How does this work?

You submit your story using the form below.  I have prompted responses that will help tell a comprehensive story of your experience. When filling out the form, you will also choose a name for your Hero.  Once I have your story, I will edit for spelling, grammar, style, etc. and send you a draft to review, followed eventually by an illustration of your Hero.  Victims often browse for stories and information without necessarily interacting on the web, for safety reasons typically, so just having your story published will help immensely anyone who may be struggling.

Why is it important to share?

Coming out of the fog, as you probably remember, is a process.  Sharing helps not only the victims to understand that their experience is most likely not unique, but also helps friends and family understand that there is hope for their currently “lost” loved one. For survivors, the benefit is clear.  Your strength and bravery empowers others to share as well!  In my experience, there is a lack of accessible tales of survival.  Perhaps there are brief stories confirming abusive behavior, but not many stories of success and happiness, because survivors tend to leave this horrible experience in the past forever.

My abusive relationship was not physically violent.  Should I still share?

YES.  Abuse is not qualified by physical violence.  This is what makes abuse tricky, and is what many abusers use as a way to normalize or justify their behavior.  Abuse goes beyond striking and battery.  As a reminder, here is a wonderful resource which outlines the various forms abuse can take.  None of it is healthy or OK:

Abuse Indicators

You may be experiencing physical abuse if your partner has done or repeatedly does any of the following tactics of abuse:
  • Pulling your hair, punching, slapping, kicking, biting or choking you
  • Forbidding you from eating or sleeping
  • Hurting you with weapons
  • Preventing you from calling the police or seeking medical attention
  • Harming your children
  • Abandoning you in unfamiliar places
  • Driving recklessly or dangerously when you are in the car with them
  • Forcing you to use drugs or alcohol (especially if you’ve had a substance abuse problem in the past)
You may be in an emotionally abusive relationship if you partner exerts control through:
  • Calling you names, insulting you or continually criticizing you
  • Refusing to trust you and acting jealous or possessive
  • Trying to isolate you from family or friends
  • Monitoring where you go, who you call and who you spend time with
  • Demanding to know where you are every minute
  • Trapping you in your home or preventing you from leaving
  • Using weapons to threaten to hurt you
  • Punishing you by withholding affection
  • Threatening to hurt you, the children, your family or your pets
  • Damaging your property when they’re angry (throwing objects, punching walls, kicking doors, etc.)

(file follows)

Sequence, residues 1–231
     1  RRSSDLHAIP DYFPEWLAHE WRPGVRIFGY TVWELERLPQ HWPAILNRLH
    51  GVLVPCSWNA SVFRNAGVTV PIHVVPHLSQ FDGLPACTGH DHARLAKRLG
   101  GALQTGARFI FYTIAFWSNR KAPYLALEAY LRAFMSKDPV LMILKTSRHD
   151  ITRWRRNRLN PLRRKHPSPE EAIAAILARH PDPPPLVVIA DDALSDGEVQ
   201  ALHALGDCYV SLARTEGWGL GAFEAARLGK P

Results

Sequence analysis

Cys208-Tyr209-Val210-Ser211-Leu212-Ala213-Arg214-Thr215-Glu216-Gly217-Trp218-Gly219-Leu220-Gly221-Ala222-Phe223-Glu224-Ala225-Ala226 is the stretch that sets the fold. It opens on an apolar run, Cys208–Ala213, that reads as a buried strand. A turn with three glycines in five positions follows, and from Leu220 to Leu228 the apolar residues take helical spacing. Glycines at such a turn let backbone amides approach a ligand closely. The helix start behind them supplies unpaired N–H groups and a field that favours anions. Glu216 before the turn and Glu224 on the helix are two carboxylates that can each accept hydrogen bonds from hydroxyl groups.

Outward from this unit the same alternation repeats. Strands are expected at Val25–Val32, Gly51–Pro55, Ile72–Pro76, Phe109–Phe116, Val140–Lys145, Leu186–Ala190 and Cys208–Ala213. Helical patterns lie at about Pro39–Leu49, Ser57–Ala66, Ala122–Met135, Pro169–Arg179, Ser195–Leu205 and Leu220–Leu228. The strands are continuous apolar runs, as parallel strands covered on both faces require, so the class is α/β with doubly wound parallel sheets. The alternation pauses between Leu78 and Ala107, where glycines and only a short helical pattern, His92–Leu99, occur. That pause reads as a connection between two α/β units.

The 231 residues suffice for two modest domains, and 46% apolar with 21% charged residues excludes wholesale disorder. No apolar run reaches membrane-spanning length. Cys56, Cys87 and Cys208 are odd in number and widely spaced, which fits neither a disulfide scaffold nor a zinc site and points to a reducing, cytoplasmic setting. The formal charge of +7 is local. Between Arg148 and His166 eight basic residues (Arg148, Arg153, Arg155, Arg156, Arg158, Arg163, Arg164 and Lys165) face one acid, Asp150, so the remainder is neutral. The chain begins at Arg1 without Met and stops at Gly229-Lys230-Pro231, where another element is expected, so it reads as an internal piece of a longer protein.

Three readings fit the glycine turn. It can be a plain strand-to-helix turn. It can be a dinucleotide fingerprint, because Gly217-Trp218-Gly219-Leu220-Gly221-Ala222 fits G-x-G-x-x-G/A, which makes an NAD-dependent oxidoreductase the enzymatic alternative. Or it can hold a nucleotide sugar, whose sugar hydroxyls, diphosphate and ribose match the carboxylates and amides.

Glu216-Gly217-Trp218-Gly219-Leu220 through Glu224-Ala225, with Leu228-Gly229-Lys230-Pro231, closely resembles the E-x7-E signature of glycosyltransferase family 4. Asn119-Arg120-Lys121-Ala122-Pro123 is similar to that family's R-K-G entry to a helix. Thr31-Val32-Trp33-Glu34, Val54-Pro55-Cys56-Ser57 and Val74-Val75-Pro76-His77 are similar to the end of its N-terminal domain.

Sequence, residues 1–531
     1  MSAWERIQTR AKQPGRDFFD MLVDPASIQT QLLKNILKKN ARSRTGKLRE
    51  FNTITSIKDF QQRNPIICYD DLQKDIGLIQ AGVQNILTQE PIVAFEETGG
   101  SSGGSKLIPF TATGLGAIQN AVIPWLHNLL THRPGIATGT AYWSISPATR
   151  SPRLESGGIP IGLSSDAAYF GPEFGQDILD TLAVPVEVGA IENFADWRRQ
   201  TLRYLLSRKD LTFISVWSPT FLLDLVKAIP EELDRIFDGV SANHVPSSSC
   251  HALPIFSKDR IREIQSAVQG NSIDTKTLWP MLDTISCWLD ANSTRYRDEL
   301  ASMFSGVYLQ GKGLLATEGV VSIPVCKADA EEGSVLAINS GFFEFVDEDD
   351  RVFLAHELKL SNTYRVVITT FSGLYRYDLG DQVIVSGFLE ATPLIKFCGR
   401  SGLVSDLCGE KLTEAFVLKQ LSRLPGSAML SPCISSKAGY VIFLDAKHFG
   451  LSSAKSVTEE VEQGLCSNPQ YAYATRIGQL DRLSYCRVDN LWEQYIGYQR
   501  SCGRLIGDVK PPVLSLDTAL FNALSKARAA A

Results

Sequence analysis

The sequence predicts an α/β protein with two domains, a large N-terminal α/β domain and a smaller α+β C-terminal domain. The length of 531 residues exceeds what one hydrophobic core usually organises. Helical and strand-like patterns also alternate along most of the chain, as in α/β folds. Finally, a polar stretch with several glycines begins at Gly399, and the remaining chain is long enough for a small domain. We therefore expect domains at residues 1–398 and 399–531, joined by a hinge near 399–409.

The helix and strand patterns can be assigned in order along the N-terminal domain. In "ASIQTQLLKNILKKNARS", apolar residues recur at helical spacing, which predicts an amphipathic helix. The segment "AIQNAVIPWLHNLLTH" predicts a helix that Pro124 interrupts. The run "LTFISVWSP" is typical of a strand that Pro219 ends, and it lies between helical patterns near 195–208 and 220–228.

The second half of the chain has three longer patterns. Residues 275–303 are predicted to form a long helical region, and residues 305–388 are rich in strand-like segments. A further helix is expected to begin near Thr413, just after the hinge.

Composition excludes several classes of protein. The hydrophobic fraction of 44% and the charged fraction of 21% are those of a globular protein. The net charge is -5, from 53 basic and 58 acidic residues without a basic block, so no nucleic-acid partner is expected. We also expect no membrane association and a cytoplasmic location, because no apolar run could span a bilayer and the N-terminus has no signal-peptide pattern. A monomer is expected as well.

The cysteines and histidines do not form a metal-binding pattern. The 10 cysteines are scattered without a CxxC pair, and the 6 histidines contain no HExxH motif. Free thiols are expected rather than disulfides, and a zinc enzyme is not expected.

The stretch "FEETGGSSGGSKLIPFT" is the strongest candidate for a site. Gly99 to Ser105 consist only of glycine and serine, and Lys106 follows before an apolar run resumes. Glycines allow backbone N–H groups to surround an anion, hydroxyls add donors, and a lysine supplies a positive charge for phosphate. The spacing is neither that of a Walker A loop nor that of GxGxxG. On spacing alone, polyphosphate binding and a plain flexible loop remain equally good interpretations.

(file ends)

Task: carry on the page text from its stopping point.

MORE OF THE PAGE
• Humiliating you in any way
  • Blaming you for the abuse
  • Gaslighting
  • Accusing you of cheating and being often jealous of your outside relationships
  • Serially cheating on you and then blaming you for his or her behavior
  • Cheating on you intentionally to hurt you and then threatening to cheat again
  • Cheating to prove that they are more desired, worthy, etc. than you are
  • Attempting to control your appearance: what you wear, how much/little makeup you wear, etc.
  • Telling you that you will never find anyone better, or that you are lucky to be with a person like them
Sexually abusive methods of retaining power and control include an abusive partner:
  • Forcing you to dress in a sexual way
  • Insulting you in sexual ways or calls you sexual names
  • Forcing or manipulating you into to having sex or performing sexual acts
  • Holding you down during sex
  • Demanding sex when you’re sick, tired or after hurting you
  • Hurting you with weapons or objects during sex
  • Involving other people in sexual activities with you against your will
  • Ignoring your feelings regarding sex
  • Forcing you to watch pornography
  • Purposefully trying to pass on a sexually transmitted disease to you
Sexual coercion Sexual coercion lies on the ‘continuum’ of sexually aggressive behavior. It can vary from being egged on and persuaded, to being forced to have contact. It can be verbal and emotional, in the form of statements that make you feel pressure, guilt, or shame. You can also be made to feel forced through more subtle actions. For example, an abusive partner:
  • Making you feel like you owe them — ex. Because you’re in a relationship, because you’ve had sex before, because they spent money on you or bought you a gift
  • Giving you drugs and alcohol to “loosen up” your inhibitions
  • Playing on the fact that you’re in a relationship, saying things such as: “Sex is the way to prove your love for me,” “If - I don’t get sex from you I’ll get it somewhere else”
  • Reacting negatively with sadness, anger or resentment if you say no or don’t immediately agree to something
  • Continuing to pressure you after you say no
  • Making you feel threatened or afraid of what might happen if you say no
  • Trying to normalize their sexual expectations: ex. “I need it, I’m a man”
Even if your partner isn’t forcing you to do sexual acts against your will, being made to feel obligated is coercion in itself. Dating someone, being in a relationship, or being married never means that you owe your partner intimacy of any kind.
Reproductive coercion is a form of power and control where one partner strips the other of the ability to control their own reproductive system. It is sometimes difficult to identify this coercion because other forms of abuse are often occurring simultaneously. Reproductive coercion can be exerted in many ways:
  • Refusing to use a condom or other type of birth control
  • Breaking or removing a condom during intercourse
  • Lying about their methods of birth control (ex. lying about having a vasectomy, lying about being on the pill)
  • Refusing to “pull out” if that is the agreed upon method of birth control
  • Forcing you to not use any birth control (ex. the pill, condom, shot, ring, etc.)
  • Removing birth control methods (ex. rings, IUDs, contraceptive patches)
  • Sabotaging birth control methods (ex. poking holes in condoms, tampering with pills or flushing them down the toilet)
  • Withholding finances needed to purchase birth control
  • Monitoring your menstrual cycles